Or, they do what they are doing, and try to stamp out the unorthodoxy. It's not surprising to me that fearful old men who have bought fully into the fantasy that they are God's instruments on earth in a top down authoritarian spiritual regime would choose the path they have chosen, but it is still sad to see members of the church lose hope that some other form of reconciliation was possible.

[ November 06, 2015, 03:58 PM: Message edited by: scifibum ]
 
Posted by scifibum (Member # 945) on :
 
A side benefit for the church: children who are giving a name and blessing at birth, or baptized at 8, become part of the church's recorded population. It's much more likely for children with gay parents to end up leaving later (based on anecdotal evidence but I think for obvious reasons it's true). That leaves the church with either "inactive" members or exits. And that hurts their narrative of growth and success.
 
Posted by D.W. (Member # 4370) on :
 
It's interesting to watch theological darwinism at work. Is it odd the number of religions dealing with serious issues of doctrine all at the same time, or is this (and other religion's issues) a result of the information age and globalization? It's not like all religions are dealing with the same societal change/influences.
 
Posted by scifibum (Member # 945) on :
 
I think it's a result of the information age and a lot of that information being at odds with institutions that are especially committed to their own inerrancy.

Although, really, it's also the specificity of the doctrines.
 
Posted by Pete at Home (Member # 429) on :
 
" Even we won't refuse to baptise a child whose parents sincerely want it - although some priests might"

That would be relevant if baptism meant anything like the same thing to you that it does to mormons.

Not being baptized in this life does not condemn you to hell. I was personally taken off church rolls myself, exed, not punish me but to withraw me from covenants that would prove to my damnation if I failed to live up to them.

Note that there is no policy against same sex members or their families receiving church welfare, which is often still bestowed on me, despite my exmo status.

I had not heard of this policy and am somewhat surprised, but suggest you check the LDS press as ABC has a history of sometimes distorting LDS positions. But Phil is right; what is described is the precise policy that has been applied to plig families for decades. But to those ignorant of LDS culture and policy, it sounds much harsher than it is. The LDS community is forbidden in both the Book of Mormon and current church talks to shun excommunicants. The welfare program is open to them. And there is no teaching that excommunication involves helfire and all that scary stuff. Being part of the LDS church means representing God on a set of specific projects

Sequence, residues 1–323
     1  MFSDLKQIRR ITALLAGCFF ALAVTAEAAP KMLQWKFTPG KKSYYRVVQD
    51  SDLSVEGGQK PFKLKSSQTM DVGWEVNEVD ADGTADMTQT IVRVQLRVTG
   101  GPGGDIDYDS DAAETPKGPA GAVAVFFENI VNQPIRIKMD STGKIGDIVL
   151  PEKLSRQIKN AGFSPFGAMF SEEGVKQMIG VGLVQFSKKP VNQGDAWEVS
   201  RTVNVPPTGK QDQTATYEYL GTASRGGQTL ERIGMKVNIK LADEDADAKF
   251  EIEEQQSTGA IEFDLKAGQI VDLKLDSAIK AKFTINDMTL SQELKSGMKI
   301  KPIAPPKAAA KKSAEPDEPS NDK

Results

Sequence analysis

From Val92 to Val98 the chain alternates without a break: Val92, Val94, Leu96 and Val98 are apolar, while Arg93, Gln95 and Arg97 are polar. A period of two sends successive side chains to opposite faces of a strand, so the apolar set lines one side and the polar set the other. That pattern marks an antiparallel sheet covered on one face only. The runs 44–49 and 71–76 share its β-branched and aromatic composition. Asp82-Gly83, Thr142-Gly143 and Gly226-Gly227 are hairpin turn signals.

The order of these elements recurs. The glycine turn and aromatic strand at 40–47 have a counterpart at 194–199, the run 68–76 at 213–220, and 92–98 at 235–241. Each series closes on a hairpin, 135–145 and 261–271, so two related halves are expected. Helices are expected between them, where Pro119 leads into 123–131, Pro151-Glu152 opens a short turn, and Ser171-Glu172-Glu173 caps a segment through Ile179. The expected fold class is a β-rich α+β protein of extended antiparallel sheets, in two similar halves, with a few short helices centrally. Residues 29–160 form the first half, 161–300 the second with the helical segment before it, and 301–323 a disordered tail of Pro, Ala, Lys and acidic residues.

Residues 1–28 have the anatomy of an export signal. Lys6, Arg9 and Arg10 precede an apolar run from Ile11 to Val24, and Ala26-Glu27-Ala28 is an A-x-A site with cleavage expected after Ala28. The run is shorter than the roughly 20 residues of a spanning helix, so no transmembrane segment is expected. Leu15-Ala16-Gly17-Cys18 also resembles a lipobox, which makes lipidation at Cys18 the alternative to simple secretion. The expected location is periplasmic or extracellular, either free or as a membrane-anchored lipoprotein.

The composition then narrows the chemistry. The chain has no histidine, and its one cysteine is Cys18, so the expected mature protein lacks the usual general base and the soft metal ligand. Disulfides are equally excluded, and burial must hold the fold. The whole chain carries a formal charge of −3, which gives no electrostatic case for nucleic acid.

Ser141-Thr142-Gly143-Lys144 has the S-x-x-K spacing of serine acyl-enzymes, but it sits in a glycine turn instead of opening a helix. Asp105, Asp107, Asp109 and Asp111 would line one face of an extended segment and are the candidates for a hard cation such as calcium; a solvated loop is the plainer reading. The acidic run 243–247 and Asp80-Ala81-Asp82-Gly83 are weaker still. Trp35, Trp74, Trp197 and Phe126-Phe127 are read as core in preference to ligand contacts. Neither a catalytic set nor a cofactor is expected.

Posted by scifibum (Member # 945) on :
 
I've been pretty immersed in talk about this issue for the last couple of days, and you're the first person I've seen mention the church welfare program. It hadn't occurred to me. So, two things: I don't think this is something people are concerned about, HOWEVER, it's nice to know that the church would not be against helping those children with material needs. I'm not sure what I would assumed about it if I hadn't read your post before I ever thought about it.

quote:
But to those ignorant of LDS culture and policy, it sounds much harsher than it is. The LDS community is forbidden in both the Book of Mormon and current church talks to shun excommunicants.
True, it's not quite shunning that's involved. But what people think of the church is not the point.

The people who really care about this are not people who are ignorant of church culture - they are the families where a gay ex-spouse has joint custody, and suddenly this makes it impossible for the other parent to continue with raising the kids in the church in a normal fashion. I've seen several examples already of families that are directly impacted - and they are telling heartbreaking stories of their children's confusion about how living part of the time with dad and dad's husband is going to affect whether they can get baptized, ordained, or serve missions.

These are situations where the gay married couple had agreed to support the children's religious life, although such an accommodation was no doubt difficult. And the church has caused a crisis for those families that had already bent over backwards in favor of making church attendance as easy on the kids as possible.

In the future, it will cause parents to try to prevent such custody arrangements, tearing children away from one of their parents so they can continue to have full access to church ordinances.

The church was caught off guard by the backlash, which makes a lot of the last few years' "we love our gay church and family members" rhetoric ring hollow. They don't understand the types of families they are interfering with.
 
Posted by Pete at Home (Member # 429) on :
 
quote:
Originally posted by scifibum:
I've been pretty immersed in talk about this issue for the last couple of days, and you're the first person I've seen mention the church welfare program. It hadn't occurred to me. So, two things: I don't think this is something people are concerned about, HOWEVER, it's nice to know that the church would not be against helping those children with material needs.